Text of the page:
For the most comprehensive tips on renting an RV visit here.
Do I Need to Insure the RV?
If you’re renting one out, you are probably covered by your auto or homeowners insurance. Car insurance should cover at least part of the cost if you accidentally damage property on the campsite, which often happens from a new driver backing into a campsite. It is not a bad idea to also buy one of the insurance options from the rental company as well, to make sure that you have high enough limits if you are involved in an accident. The policy would also cover lodgings if your rental breaks down, whereas your auto insurance would not cover your expenses. Also, your auto insurance will not cover you if you having a cooking fire in the RV. The coverage you buy at the rental company may cover this type of peril. You can also check with your agent to see if a fire would be covered by your homeowners insurance. A few things your homeowners insurance will probably cover: loss or theft of personal property or damage to personal property due to a natural disaster or accident. What your homeowners insurance will not cover is if someone gets hurt in your motorhome.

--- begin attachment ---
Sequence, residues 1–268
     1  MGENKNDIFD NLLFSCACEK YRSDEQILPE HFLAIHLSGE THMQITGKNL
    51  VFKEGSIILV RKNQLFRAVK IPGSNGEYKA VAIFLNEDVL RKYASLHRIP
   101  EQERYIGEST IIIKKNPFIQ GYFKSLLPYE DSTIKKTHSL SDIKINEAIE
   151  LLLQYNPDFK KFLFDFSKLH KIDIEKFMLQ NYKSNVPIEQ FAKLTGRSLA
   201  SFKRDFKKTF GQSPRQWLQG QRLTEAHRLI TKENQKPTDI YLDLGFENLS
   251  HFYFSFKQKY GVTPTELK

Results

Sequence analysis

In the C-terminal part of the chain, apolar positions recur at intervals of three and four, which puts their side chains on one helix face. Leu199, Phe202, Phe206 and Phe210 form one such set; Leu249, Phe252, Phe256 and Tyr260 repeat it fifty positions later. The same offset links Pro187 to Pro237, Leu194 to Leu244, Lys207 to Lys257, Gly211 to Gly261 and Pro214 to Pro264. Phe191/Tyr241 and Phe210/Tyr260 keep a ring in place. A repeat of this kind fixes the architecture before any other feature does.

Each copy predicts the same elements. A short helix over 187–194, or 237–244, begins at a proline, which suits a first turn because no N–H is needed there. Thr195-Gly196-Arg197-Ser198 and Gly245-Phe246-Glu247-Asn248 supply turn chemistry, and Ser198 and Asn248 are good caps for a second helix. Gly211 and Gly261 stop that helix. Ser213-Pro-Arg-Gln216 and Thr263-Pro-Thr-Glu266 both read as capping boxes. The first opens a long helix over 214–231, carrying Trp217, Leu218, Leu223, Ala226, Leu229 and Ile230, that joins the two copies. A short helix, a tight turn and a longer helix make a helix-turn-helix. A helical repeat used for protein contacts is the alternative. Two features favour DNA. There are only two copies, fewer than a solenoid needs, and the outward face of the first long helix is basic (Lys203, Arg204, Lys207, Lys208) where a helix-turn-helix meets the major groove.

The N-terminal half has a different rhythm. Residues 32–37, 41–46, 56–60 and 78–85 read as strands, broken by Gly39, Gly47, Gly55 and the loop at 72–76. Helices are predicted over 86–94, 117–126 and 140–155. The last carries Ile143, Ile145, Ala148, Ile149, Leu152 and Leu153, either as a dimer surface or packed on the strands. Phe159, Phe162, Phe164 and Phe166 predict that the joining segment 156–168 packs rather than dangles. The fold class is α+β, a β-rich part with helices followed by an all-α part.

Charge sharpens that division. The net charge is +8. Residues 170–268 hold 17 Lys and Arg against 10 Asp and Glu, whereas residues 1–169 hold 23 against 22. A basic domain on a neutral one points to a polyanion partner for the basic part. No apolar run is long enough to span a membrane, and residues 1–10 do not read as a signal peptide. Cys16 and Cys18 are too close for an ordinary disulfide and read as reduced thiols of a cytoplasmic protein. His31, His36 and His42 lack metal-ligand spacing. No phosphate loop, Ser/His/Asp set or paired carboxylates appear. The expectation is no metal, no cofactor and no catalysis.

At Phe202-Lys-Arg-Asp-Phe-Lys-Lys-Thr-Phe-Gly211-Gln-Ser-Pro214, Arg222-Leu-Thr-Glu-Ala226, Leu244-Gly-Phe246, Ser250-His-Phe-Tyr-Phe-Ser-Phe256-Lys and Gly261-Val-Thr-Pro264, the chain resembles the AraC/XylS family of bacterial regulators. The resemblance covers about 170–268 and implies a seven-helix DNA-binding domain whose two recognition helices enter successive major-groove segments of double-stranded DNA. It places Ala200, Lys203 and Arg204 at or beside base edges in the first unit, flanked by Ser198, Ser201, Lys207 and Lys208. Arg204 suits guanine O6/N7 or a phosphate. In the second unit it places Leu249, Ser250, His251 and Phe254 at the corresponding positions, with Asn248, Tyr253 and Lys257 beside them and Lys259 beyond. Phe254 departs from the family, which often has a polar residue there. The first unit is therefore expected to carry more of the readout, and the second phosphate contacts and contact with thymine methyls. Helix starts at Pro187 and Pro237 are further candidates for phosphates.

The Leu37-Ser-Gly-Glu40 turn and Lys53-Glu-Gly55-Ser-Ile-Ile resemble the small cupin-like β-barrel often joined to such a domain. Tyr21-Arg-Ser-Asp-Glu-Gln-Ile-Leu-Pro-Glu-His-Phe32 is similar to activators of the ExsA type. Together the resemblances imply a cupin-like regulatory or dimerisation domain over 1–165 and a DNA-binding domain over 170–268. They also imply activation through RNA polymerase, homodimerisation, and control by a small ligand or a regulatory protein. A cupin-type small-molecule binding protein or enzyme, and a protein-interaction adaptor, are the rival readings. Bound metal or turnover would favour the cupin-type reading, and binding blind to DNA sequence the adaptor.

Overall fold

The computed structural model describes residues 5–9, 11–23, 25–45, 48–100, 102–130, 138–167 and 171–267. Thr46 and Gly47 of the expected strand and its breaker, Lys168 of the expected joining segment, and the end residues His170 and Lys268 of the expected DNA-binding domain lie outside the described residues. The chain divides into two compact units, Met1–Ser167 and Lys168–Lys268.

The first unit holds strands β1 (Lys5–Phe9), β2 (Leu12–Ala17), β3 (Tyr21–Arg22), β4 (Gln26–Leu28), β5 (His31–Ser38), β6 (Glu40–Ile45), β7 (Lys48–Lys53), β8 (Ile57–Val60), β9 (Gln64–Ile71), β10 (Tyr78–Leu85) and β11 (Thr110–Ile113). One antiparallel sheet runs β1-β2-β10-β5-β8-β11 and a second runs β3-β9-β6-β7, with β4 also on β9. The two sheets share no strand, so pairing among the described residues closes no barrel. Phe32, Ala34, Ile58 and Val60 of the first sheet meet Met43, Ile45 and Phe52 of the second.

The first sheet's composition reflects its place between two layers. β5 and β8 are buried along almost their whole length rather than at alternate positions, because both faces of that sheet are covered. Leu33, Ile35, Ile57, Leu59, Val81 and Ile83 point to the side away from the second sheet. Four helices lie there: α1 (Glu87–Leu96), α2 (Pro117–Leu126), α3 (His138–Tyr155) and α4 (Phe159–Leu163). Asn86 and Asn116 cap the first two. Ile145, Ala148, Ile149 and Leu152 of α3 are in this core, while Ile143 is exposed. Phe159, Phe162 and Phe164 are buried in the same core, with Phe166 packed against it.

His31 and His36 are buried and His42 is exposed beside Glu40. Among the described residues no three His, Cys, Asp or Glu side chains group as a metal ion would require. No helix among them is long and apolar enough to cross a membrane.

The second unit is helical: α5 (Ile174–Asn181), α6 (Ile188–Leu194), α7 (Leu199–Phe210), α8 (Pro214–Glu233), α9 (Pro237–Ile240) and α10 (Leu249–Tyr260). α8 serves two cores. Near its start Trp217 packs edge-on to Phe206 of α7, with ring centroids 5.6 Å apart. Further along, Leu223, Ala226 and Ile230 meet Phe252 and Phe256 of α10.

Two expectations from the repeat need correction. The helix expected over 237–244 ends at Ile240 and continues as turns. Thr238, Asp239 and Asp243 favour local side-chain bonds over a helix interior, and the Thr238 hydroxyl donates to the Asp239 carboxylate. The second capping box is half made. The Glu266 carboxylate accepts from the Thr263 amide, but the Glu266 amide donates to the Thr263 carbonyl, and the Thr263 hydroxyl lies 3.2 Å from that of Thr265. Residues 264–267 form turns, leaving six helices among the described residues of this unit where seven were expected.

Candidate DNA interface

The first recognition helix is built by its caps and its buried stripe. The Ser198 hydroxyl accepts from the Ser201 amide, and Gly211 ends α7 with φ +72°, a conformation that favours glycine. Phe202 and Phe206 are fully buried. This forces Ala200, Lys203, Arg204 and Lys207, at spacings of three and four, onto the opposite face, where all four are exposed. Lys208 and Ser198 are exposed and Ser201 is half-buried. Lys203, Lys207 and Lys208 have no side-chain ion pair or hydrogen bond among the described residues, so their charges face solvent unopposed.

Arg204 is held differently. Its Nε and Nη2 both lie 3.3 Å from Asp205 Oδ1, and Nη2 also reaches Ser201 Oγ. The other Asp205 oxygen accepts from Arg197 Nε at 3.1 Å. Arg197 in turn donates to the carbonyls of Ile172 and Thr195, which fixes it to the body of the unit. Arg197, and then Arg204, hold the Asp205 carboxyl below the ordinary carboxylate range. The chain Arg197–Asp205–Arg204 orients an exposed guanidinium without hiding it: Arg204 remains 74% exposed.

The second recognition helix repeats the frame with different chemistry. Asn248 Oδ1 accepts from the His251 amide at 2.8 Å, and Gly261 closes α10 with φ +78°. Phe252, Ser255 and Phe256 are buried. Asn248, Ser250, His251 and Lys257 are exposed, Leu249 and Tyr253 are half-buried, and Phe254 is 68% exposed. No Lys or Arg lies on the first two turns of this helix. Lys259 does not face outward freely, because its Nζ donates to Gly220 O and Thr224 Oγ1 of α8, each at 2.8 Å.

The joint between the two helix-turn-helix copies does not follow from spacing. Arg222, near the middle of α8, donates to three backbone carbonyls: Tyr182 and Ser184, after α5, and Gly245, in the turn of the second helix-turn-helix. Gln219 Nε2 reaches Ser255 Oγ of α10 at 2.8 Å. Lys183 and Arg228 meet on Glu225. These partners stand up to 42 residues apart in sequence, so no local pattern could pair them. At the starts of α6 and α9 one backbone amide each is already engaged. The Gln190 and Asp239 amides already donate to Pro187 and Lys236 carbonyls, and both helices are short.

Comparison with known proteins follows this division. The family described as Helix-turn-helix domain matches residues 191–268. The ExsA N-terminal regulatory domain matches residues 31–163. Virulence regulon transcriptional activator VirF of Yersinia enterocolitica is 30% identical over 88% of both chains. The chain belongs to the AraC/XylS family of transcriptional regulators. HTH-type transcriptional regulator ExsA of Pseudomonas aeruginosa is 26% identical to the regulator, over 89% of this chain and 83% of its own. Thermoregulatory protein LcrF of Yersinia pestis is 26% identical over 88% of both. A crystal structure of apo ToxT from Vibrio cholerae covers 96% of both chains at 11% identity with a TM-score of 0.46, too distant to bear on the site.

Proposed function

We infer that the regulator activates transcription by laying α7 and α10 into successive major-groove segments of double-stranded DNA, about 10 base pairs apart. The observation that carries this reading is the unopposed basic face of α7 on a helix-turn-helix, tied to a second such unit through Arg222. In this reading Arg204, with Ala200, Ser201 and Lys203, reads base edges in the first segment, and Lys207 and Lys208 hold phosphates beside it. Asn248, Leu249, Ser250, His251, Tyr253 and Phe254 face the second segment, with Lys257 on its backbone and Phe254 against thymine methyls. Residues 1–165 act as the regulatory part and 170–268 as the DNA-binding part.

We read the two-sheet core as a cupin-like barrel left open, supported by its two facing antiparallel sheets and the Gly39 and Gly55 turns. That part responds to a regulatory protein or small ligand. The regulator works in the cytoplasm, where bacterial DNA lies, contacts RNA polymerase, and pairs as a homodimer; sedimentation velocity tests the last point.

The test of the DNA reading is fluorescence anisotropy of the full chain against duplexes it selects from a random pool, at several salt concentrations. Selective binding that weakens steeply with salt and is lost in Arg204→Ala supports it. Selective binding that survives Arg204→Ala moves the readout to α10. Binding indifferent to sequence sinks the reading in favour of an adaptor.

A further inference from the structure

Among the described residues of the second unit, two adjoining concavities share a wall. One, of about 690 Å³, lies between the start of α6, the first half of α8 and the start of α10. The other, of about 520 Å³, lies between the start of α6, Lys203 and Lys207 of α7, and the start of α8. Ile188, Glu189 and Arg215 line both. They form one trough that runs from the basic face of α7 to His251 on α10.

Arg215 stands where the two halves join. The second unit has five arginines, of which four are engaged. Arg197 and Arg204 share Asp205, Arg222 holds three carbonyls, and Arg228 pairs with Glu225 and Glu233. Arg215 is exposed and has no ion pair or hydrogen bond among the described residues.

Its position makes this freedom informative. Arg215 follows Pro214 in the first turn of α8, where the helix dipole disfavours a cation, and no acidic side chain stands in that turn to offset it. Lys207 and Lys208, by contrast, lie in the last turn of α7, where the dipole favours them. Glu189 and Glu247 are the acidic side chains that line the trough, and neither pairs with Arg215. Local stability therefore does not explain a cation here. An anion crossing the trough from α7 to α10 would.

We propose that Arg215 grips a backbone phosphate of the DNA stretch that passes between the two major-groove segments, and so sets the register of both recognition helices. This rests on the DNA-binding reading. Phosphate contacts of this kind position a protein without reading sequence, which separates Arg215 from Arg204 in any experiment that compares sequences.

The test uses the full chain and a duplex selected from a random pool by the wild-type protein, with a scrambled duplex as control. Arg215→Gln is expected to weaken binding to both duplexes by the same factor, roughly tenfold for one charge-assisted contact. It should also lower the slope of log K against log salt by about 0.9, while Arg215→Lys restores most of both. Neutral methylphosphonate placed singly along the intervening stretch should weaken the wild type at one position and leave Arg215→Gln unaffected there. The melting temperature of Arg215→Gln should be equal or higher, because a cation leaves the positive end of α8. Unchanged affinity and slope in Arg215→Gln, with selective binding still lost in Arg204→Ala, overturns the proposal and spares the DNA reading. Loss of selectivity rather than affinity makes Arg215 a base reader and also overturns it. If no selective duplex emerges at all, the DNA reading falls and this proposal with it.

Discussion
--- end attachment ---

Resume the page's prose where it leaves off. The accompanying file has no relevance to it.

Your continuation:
Do I Need a Special Permit or Training to Drive an RV?
Most states don’t require a special license for standard-size motorhomes, campers and trailers. If you have an exceptionally large RV, however, you may need a special license in some states. It’s a good idea to look into what’s required in areas you plan to park.
Even when it’s not necessary to take any classes, it’s important for you to get as much information as possible if you’re hitching a trailer to you car or your car to an RV. If you are not sure how to do it properly have the rental company walk you through it. Also, be sure to review what every single button in the vehicle does. Take notes because you may have an exceptionally expensive accident if you do it wrong. If a car or trailer gets detached on the highway, you’ll regret not having gotten the proper training.
The height of your RV may also present new hazards, especially if you drive under bridges and overhangs.It’s always advisable to practice driving the RV slowly for a few hours. Generally, you don’t want to drive much past 60 miles an hour, anyway, because you’ll be wasting a lot of gas.